Shipyard Workers by Edson Rorabeck | <<previous - next>>
Edson Rorabeck was a local artist and character living in Azusa, California until his death on July 21, 1966. He was famous for his depression era paintings covering marine scapes and common people. He was born in Washington January 19, 1902 and settled in Los Angeles in 1914. His works were displayed at a number of significant art shows including the Webb Gallery in Los Angeles in 1935, Laguna Beach AA in 1945, the Arcadia Art Festival 1954, and the Faulkner Gallery in Santa Barbara 1956. His A-frame studio at 325 Crescent Drive, the old P&E right of way, was a warm, airy room where he worked when he was alone, but friends spent many hours in his solid wood patio chairs in the garden in the 1950s and 60s.
He had a 15 year relationship with Dorothy Deuel Rubel and when Michael Rubel was a teenager Edson gave him a number of things. Aside from some of his art and his 303 Enfield rifle, Michael acquired the 1932 Ford Tudor V8, which had been kept in excellent running condition for years by Michael's brother, Chris Rubel.
Chris Rubel remembers: "He was a classy and robust man in his day and a bi-polar artist. He was a motorcycle messenger in Los Angeles in the 1920s and a dock worker as a kid, etc. I loved him a lot. He shot Blitzen for me. I drove him all over, like to Bodie and other places for his sketching and painting. Jackie, his beautiful daughter (Kasun) was the pride of his life. Her mother was also his first intense love, but she died giving birth to Jackie. Helen was his second wife.
"I've got a whole file of wonderful letters from Edson. He wrote to me while I was in Japan, those 19 months, and wrote letters at other times, too, and we had a close bond for a long time. Like Michael did, I cultivated a few surrogate fathers in my early years, and Edson was one of them. Dorothy kept trying to domesticate him. She helped him get his real estate license and they worked together, but he hated selling and hated real estate, especially. Dorothy loved him partly because he was such a dashing, manly escort and would do anything to please her.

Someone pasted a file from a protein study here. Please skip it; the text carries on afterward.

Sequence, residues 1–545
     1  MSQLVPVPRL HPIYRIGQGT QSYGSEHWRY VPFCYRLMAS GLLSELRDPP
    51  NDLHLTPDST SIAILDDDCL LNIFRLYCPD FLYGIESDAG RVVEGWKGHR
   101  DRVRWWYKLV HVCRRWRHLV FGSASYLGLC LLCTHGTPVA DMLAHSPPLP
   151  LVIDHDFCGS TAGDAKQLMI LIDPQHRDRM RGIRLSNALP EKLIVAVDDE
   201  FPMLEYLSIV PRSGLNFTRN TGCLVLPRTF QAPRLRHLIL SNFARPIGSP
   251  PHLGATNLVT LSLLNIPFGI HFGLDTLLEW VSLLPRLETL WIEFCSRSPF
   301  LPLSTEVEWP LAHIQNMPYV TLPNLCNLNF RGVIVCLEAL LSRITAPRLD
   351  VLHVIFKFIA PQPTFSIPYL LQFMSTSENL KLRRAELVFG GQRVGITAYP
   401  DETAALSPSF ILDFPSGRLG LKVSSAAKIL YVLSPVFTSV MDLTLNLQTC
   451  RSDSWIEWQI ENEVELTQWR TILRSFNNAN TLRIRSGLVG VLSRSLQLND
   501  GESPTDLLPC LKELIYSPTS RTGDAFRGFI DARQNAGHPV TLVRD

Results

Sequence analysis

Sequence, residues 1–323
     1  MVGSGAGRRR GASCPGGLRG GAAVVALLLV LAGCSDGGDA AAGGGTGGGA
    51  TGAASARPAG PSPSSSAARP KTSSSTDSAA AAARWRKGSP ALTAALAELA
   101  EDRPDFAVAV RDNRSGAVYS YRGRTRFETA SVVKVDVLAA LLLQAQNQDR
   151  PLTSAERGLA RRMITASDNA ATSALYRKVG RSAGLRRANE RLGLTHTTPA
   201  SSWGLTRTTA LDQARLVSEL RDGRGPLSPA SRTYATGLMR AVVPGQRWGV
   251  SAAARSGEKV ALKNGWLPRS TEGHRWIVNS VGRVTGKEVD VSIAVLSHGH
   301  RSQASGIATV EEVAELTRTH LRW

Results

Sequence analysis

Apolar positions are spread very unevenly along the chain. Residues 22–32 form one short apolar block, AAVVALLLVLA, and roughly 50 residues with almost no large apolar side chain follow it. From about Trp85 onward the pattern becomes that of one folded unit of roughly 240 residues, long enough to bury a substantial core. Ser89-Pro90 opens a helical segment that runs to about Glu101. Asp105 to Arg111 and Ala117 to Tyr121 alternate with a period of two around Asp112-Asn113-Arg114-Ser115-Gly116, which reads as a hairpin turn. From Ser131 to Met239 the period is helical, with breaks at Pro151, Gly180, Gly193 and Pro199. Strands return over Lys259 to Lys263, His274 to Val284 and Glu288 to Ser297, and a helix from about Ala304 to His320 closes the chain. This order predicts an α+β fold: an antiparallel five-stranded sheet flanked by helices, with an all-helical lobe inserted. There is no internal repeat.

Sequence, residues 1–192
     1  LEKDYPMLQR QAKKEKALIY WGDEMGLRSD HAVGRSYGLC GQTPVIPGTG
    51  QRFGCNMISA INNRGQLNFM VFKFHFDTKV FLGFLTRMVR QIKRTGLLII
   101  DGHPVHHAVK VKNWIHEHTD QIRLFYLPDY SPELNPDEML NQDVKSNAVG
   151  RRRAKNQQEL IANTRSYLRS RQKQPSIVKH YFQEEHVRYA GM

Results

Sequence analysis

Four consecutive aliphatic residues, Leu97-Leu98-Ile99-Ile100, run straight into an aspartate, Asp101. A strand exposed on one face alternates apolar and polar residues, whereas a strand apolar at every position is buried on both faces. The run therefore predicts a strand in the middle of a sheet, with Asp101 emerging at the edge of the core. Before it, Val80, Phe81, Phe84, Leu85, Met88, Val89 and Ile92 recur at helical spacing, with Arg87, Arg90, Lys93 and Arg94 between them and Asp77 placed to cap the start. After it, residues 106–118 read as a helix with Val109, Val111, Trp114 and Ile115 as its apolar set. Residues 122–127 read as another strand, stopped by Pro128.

"He was in advertising for a while, but his painting was always a tortured and frustrating aspect of his life. Artists have a tough row to hoe."
Below are some thumbnail links to a few of Edson's paintings, as well as some scrap book pages found in 2010 by Lavon Urbonas (Scott Rubel's mother), which show a little snippet of Edson's life.
Text of 1956 newspaper article by Idella Cloutman
Azusan to Display Art Work at Show In Santa Barbara
A two man show presented by the Santa Barbara Council of Arts opened last week with a reception at the Faulkner Library in Santa Barbara. The showing, arranged by Council President Harry McGuire, will continue throughout the month of January. Edson Rorabeck, painter, Azusa, and Henry Feist, sculptor and painter of Santa Barbara are the artists.
Edson Rorabeck, who shares the exhibit with Feist, has lived in Azusa for the past 25 years. He has free lanced in the commercial art field, but now works entirely at his landscapes, seascapes and portraits.
Born of school teacher parents in the little fishing village of Chinock, Wash., at the mouth of the Columbia river, his boyhood was spent in small towns up and down the Pacific coast.
In his early manhood, he wandered along San Fancisco's Embarcadero. He became a plate hanger in the old Southwestern yard at San Pedro; an ore sampler with a crew of miners; a crane chaser in a tank house; a lead-burner's helper for the New Cornelia Copper Co. in Ajo, Arizona; a surveyor at the Big Creek project in San Joaquin Valley; and finally a trick motorcycle racer and stunt rider in Hollywood.
Through the years courses in art held his main interest and he eventually studied at Chouinard's Art Institute. among his teachers were Fredric Leiders, Vernon More, Lawrence Murphy, and the noted illustrator, Pruett Carter.
Some of the large marine paintings in the current exhibit were first sketched at Point Arguello, north of Santa Barbara.